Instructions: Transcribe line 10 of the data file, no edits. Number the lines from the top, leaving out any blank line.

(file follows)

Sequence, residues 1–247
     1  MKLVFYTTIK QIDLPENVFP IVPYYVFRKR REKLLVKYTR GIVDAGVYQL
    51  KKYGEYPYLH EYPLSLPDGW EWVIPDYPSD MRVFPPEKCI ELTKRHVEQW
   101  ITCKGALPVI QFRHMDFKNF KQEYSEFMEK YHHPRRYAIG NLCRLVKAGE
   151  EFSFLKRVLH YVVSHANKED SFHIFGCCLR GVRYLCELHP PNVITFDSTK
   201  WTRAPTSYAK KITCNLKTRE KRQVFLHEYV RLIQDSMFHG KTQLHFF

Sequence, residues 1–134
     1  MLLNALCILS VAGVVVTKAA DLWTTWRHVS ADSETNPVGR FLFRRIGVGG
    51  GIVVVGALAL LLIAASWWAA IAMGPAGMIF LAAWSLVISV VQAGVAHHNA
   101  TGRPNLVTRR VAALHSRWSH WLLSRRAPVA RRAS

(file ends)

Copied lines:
   101  TGRPNLVTRR VAALHSRWSH WLLSRRAPVA RRAS